Is Lack of Sleep Connected with Body Mass and Waist Size?

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A conducted study says that sleeping an extra hour every night, helps you lose an inch off your waistline. Also, you may miss a few pounds next time when you get on your scale.

Researchers studied 1,600 people in the United Kingdom and discovered that sleeping more than 8 hours every night helped them in getting lower BMI (body mass index).

When they compared these people with those who slept 7 hours or less, found out they had smaller waistlines. Also, people who slept more had lower HDL (good cholesterol).

Namni Goel, a sleep researcher (Perelman School of Medicine at the University of Pennsylvania, Philadelphia) was not part of the study, says that this experiment is trustworthy because it involves a larger number of people.

Gregory Potter (School of Medicine at the University of Leeds, West Yorkshire) and his colleagues examined data from four years for this study.

The data was from a national way nourishment and nutrition inquiry that also follows different health and living habits between citizens of England, Scotland, Wales, and Northern Ireland.

A number of 1,615 adults reported their sleep and food diaries, together with weight, height, and blood pressure.

Additionally, half of the partakers gave blood samples to help the researchers examine several measures of metabolic health like thyroid hormone levels, cholesterol, blood sugar.

The researchers made three groups of the partakers based on the average sleep length. The top third had approximately 8.44 sleep hours (give or take 40 minutes), the middle third had 7.26 sleep hours (give or take 15 minutes), and the bottom third had 5.88 sleep hours each night (give or take 52 minutes).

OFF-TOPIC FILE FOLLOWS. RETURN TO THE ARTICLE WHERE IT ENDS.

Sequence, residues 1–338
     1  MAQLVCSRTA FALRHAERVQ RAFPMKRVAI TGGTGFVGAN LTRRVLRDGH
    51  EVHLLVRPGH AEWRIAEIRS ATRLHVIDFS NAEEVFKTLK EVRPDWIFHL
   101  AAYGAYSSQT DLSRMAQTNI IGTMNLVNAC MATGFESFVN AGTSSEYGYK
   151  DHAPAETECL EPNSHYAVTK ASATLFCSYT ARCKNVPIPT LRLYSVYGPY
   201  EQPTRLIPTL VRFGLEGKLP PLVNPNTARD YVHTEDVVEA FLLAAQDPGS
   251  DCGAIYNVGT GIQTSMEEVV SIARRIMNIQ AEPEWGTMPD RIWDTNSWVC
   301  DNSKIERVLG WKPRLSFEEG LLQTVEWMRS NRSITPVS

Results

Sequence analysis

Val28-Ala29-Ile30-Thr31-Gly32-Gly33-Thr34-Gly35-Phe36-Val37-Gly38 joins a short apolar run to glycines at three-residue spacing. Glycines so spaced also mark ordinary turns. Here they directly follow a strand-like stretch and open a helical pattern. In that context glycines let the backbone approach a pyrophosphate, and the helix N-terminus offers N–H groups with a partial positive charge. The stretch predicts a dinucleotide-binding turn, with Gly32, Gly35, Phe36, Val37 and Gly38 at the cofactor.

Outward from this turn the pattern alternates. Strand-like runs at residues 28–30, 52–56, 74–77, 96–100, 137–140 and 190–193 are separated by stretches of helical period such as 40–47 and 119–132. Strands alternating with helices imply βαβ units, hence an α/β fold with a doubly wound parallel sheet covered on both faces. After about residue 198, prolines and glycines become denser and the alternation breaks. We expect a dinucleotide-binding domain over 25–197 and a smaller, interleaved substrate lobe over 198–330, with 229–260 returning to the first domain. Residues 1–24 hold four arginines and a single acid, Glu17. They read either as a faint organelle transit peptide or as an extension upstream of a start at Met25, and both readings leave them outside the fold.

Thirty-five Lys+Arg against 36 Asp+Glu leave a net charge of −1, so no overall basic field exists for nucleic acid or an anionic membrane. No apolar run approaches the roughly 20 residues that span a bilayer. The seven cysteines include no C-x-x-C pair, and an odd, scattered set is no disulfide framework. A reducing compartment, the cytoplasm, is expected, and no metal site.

When the team compared the top third and the bottom third, they found out that the former had lower BMI than the latter and for 2 points (3.2kg)

People who slept longer had 1.6 inches smaller waistline than those who slept less.

According to the study team, every extra hour was connected to 0.9 cm difference in the size of the waistline, and 0.46 of a BMI point.

Some blood markers showed better results in people who slept more. Anyway, after the researchers adapted for some different factors, there were no meaningful differences.

The team did not discover any connection between the length of sleep and nourishment, even though Goel noticed that sleep and food daily diaries are rarely accurate.

According to Goel, currently, there are studies attempting to find out what is going on behind sleep and weight problems. Anyway, her opinion is that people get weight because of overeating.

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As Goel wrote in an email, people who lack sleep eat food rich in calories, fats. She said that the reason behind this might be the brain centers stimulating humans to eat those kinds of foods.

Studies have found that lack of sleep increases the hunger, appetite, and of course, food intake, according to Dr. Samuel Klein (director of the Center for Human Nutrition at Washington University School of Medicine, St. Louis).

Klein was not part of the study, and he said that if people want to sleep better, they should get more sleep and increase the hours they assign for sleep.

An email of Klein says that sleeping in a cold and dark room, not using electronics before bed, going to bed earlier, and waking up later are some of the things that make a quality sleep.

Source: GMANetwork

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